This week one of my favorite retailers died. I used to love HMV! When I worked of Piccadilly Circus I spent many happy lunch hours checking out movies and music. But that was in in 1997 and the way we shop has moved on. Today my kids and I browse movies and TV shows on Netflix and Singapore’s pay-per-view Mio TV system, we sample tracks on YouTube and download what we like from iTunes.
It’s pretty clear now that HMV’s demise was predictable as entertainment shopping has moved from the high street to the super highway. HMV is the last of the big UK brands to go (after the demise of Tower Records, Virgin Megastores, Borders, Woolworths and – in the same week as HMV – Blockbuster Video). It’s also true that HMV did too little too late to turn its offer around.
But what does this latest high-profile closure tell us about the future of shopping?
1) The future of shopping is online, or more accurately will have a significant online component. It seems impossible to imagine, now that so many have embraced online shopping, that shoppers will give up the convenience they now enjoy. It’s also pretty clear that no category will remain entirely immune – let’s just look at the history: first travel went online; then insurance and banking; then entertainment; and now then home appliances and computing, grocery shopping and fashion are all seeing a significant shift. China’s e-commerce rise proves that this will be a global phenomenon and it’s fair to presume that emerging economies may embrace online faster than developed ones.
2) Shopping in the future will be even more globalized.
The internet knows no borders and even as legislators and corporations seek to limit the availability of products and services, innovators (sometimes also called criminals) are constantly finding ways to circumvent these barriers. Again I look to the entertainment industry as proof of this. Deliberately or by accident, the industry has always been stymied by limited availability. Peer-to-peer sharing was a response by high-school kids to not being able to afford to own as much music as they wanted to consume (just as home-taping was for my generation). Piracy of music and film in the developing world is most probably caused by a shortage of cinema screens and official music stores that could serve huge untapped demand. The current boom in downloading is simply the next response to limitations in content availability. In future shoppers who want global brands, major movies and access to the best insurance deals will find ways to buy them regardless of their country of origin and they’ll use the web to do this.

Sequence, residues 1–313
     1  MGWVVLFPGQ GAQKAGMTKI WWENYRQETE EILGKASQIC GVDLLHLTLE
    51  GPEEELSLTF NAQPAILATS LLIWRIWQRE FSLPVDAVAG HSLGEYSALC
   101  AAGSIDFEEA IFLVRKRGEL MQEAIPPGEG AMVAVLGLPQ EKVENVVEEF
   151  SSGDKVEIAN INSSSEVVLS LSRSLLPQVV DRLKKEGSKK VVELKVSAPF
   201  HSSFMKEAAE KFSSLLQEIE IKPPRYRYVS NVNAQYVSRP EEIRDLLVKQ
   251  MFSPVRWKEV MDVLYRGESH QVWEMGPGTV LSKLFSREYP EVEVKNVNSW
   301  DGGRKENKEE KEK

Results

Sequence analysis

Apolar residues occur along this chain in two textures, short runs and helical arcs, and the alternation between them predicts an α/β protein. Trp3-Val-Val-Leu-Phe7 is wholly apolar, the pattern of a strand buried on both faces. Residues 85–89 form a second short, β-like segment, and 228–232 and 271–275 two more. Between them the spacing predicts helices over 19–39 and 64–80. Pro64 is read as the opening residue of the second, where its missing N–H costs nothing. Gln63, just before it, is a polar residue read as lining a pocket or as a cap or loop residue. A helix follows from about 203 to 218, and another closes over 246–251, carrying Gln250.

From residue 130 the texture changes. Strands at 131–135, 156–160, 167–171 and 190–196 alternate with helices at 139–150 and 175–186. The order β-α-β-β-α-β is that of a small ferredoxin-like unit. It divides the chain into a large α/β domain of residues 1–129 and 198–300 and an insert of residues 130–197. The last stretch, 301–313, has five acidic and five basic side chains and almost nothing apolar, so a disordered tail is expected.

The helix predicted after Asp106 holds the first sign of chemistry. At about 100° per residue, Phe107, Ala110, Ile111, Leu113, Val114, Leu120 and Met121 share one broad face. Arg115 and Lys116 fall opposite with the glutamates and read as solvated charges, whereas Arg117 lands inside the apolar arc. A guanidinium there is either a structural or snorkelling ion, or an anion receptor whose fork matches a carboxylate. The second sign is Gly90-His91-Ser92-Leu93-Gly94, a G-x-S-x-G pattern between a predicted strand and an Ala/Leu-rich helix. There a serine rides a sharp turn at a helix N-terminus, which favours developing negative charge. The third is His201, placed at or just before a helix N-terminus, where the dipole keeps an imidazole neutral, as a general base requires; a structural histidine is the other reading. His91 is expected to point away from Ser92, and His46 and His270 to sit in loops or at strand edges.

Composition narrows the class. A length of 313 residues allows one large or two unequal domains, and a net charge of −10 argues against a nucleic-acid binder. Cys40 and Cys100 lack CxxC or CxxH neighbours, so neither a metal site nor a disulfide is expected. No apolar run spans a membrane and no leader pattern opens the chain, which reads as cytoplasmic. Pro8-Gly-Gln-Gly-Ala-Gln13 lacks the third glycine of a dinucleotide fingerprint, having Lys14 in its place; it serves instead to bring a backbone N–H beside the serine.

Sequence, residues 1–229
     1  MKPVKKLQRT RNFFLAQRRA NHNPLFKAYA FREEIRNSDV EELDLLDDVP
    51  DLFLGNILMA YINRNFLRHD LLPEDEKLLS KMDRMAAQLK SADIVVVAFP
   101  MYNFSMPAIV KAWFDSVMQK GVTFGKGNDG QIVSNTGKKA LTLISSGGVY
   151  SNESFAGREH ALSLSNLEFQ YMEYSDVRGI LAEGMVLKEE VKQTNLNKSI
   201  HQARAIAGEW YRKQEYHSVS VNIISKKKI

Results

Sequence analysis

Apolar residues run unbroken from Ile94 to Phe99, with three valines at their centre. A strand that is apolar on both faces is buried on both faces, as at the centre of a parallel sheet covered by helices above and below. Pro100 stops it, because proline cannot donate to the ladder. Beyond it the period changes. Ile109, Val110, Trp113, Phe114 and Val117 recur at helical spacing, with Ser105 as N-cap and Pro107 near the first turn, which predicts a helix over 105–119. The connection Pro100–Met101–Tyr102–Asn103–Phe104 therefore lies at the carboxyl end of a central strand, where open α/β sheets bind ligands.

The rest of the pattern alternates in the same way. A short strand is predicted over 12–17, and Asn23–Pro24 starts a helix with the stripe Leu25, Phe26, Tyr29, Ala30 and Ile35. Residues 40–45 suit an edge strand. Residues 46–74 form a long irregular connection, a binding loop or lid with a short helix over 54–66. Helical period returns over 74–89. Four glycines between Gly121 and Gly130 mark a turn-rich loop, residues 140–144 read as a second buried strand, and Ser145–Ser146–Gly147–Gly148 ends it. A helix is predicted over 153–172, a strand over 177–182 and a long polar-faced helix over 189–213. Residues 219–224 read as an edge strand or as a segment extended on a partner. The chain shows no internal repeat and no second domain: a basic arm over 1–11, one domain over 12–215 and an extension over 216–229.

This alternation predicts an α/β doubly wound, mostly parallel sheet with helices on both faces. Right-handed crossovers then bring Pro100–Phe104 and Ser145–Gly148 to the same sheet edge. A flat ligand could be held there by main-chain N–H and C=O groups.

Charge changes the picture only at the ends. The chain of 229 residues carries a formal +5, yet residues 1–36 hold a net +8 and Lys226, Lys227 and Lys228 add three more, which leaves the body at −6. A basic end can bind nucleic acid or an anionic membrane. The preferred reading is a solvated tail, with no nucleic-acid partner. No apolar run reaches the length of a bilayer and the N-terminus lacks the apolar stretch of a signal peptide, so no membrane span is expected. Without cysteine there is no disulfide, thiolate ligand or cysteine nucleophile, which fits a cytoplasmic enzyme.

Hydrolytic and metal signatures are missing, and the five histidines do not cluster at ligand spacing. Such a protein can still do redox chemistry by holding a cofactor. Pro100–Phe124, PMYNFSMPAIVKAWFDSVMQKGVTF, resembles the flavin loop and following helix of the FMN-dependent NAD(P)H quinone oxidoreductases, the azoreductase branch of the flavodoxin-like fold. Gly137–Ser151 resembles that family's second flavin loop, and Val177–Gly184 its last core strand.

3) Shopping will become more interesting. Let’s face it, supermarkets are boring places. Even in emerging markets the appeal of big boxes is waning as they become a normal part of people’s lives. Globally, grocery shoppers complain about long lines, poor product availability, wasted hours and so on. Online shopping should make many of these complaints a thing of the past. Yet people still love shopping as a social experience, recent data suggests people want to go to stores to touch and feel actual products. For millions, shopping is a pastime to be enjoyed with friends and family, it’s therefore fair to predict that the relatively mundane act of paying for goods may become divorced from the relatively pleasurable act of shopping for goods. It’s likely to that in future the opportunity to experience products and services through retail spaces as well as online and in virtual reality environments will stimulate innovation in these environments that will simply make shopping much more fun.
With so much changing in the world of shopping, the shape of retail is likely to change dramatically in the coming years. I believe that we will see these major structural changes starting to have a real impact in 2013. In my next post, I’ll share how I believe this is going to affect retailers in the coming year.